In our opinion, the most important issues in Pacifica are Highway 1 widening and broken city finances. If you have been paying attention (Pacifica Riptide, Pacifica Index, candidate forums, and Jane Northrop's coverage in the Pacifica Tribune), only John Keener, Sue Digre, and Matt Dougherty clearly opposed widening Highway 1 and favored fixing city finances.
Congratulations to John and Sue on their clear victories. Though Matt's bid for office was unsuccessful, we hope to hear more from him in the future.
As to the other candidates: Victor Spano focused on traffic issues in northern Pacifica (Skyline and Fairmont). Mainstream political heavyweights endorsed Eric Ruchames, but we did not know where he stood on key issues. Mike O'Neill and Therese Dyer favored highway widening, but only O'Neill won.
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John Maybury, Editor and Publisher
Pacificans for Highway 1 Alternatives (PH1A) endorses John Keener, Sue Digre, and Matt Dougherty for Pacifica City Council, based on their responses to PH1A'S questionnaire on the proposed Caltrans highway-widening project.
All three candidates expressed clear opposition to the current proposal to more than double the width of a 1.3-mile segment of Highway 1. All three candidates have shown that they support the city applying for grants to have independent professionals evaluate alternatives to improve traffic flow, enhance safety, protect our environment, and beautify our town.
In PH1A'S outreach to thousands of Pacifica residents during the past two years -- public forums with large turnouts, petitions to City Council, tables at FogFest and throughout town -- it has found that an overwhelming majority of people it has spoken with support its position.
Caltrans has already certified its own Final Environmental Impact Report (FEIR) for the project. The San Mateo County Transportation Authority (SMCTA) has programmed funds for the final design.
Pacifica City Council could formally request that SMCTA allocate those funds. Then the final design would be done and the project would move forward. Caltrans finalized the EIR for this project with very little input from the City Council. Now all council can do is either accept or reject the Caltrans widening plan.
I was born in Pacifica and have lived here all my life. As a lover of the natural world, I have pitted myself over the years against any development that would not add to but only take away from the quality of life here on the coast.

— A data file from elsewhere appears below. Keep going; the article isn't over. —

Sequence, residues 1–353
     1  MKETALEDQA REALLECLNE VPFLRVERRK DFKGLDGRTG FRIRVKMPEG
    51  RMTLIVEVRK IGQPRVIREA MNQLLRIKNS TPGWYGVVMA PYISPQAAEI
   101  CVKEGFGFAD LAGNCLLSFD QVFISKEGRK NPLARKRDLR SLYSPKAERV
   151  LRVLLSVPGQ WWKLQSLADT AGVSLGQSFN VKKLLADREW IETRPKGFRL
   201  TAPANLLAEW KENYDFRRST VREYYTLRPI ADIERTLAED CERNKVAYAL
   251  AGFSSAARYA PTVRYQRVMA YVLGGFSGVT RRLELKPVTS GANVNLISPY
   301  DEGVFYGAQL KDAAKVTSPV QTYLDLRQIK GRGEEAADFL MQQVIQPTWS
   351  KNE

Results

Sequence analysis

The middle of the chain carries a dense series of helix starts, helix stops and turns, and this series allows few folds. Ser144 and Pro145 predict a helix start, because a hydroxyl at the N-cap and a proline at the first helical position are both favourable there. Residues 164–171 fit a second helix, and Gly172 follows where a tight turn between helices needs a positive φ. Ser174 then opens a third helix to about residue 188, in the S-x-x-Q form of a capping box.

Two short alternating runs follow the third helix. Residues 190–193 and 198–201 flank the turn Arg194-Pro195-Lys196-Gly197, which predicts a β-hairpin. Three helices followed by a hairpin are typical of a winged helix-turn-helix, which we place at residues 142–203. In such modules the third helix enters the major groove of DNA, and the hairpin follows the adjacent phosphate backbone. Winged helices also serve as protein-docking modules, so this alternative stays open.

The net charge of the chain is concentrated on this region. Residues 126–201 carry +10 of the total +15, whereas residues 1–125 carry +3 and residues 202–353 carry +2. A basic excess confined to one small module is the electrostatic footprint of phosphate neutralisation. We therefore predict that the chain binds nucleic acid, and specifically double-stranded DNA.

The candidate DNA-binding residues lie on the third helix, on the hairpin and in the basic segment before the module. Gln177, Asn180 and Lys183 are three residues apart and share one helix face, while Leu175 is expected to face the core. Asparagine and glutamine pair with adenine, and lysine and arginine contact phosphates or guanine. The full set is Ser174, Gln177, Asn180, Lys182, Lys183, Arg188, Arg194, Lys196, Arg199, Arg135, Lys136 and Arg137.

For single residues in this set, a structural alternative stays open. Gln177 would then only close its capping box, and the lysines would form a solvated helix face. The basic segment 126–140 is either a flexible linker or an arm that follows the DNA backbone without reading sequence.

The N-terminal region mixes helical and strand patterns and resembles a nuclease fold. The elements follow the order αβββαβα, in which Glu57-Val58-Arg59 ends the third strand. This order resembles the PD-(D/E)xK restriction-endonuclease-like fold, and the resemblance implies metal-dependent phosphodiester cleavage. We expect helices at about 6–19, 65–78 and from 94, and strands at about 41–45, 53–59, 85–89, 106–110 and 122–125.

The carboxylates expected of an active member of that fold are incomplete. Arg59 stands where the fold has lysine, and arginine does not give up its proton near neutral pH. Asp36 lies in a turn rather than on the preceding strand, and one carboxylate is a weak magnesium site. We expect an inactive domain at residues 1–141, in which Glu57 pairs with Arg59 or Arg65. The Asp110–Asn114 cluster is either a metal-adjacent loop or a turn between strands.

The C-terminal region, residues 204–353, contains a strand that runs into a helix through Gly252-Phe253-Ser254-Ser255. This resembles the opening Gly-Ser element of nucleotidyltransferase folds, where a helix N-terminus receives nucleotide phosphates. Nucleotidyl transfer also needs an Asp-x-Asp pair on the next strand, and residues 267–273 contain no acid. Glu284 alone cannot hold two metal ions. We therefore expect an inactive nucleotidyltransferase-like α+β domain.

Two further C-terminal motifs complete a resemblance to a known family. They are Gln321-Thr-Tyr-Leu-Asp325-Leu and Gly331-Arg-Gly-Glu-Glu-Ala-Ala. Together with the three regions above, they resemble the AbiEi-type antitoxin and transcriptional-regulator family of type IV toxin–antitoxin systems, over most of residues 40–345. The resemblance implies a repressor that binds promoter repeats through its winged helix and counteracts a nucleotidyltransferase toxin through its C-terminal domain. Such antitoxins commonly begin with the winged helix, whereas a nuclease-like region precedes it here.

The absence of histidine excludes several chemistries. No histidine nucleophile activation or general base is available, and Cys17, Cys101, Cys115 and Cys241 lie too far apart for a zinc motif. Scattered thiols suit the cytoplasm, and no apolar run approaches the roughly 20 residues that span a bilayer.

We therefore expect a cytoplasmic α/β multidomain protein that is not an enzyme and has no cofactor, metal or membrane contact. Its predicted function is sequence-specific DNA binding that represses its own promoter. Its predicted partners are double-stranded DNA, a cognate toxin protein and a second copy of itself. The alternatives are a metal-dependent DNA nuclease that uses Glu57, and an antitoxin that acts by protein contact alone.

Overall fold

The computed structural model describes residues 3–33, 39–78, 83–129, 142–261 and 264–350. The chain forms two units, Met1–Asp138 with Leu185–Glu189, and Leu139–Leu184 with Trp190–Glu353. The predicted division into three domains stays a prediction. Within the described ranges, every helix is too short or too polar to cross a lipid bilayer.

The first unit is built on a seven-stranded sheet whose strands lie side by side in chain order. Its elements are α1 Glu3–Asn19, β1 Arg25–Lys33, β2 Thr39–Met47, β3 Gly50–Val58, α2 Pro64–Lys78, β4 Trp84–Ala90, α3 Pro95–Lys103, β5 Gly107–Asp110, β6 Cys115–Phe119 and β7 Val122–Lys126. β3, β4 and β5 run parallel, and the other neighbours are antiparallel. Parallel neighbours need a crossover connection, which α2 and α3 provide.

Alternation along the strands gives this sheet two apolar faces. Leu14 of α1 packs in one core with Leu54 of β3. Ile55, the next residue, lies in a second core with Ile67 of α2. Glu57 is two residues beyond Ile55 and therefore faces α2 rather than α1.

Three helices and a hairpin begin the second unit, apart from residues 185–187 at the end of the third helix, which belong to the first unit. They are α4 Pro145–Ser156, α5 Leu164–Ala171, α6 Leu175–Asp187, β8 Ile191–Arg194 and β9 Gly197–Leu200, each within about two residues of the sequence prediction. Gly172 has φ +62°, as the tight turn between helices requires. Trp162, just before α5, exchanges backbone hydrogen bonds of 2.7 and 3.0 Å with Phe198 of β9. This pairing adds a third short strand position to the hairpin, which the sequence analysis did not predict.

Now we face what a growing number of Pacificans realize is the WORST AND STUPIDEST IDEA: widening Highway 1 between Rockaway and Vallemar. If you think the traffic mess at the Pedro Point bridge project has been rough, just wait. This massive construction project between two major stoplights at the center of town would go on for two years at the very least, and judging by how far off-schedule Caltrans has been on other projects (Devil's Slide Tunnels, Bay Bridge), it likely would be MUCH longer.
Thanks to Caltrans shutting out public commentary and railroading the review process, this mess is about to happen, something most coastsiders do not realize. And for what? Imagine, if you will, a section of 280, a freeway more than twice the width of Highway 1, bordered by 14-foot-high concrete walls—a freeway that encourages drivers to bypass local businesses and jockey for position as the lanes squeeze back down into the existing road.
Why is Caltrans so eager to transform Highway 1 into a freeway with bottlenecks at both ends? Is it so that demand for another section, and then another, would follow? NOTHING in this plan would improve commuter traffic! Even traffic consultants working with would-be quarry developer Don Peebles said this approach was expensive and useless.
Don't take my word for it. These pork barrel projects have been happening everywhere. Let's not make the same mistake! This article spells it out better than I can. Check out "Building Bigger Roads Actually Makes Traffic Worse":
Bigger Is Not Better
Without support for transparency and a fair process in our own city government, this may be a done deal. A new City Council seems to be our only remaining recourse. Keener, Digre, and Dougherty are the candidates who have the backbone to say, "This makes no sense. It's WRONG for Highway 1." Without their votes and voices on council, this may be a done deal.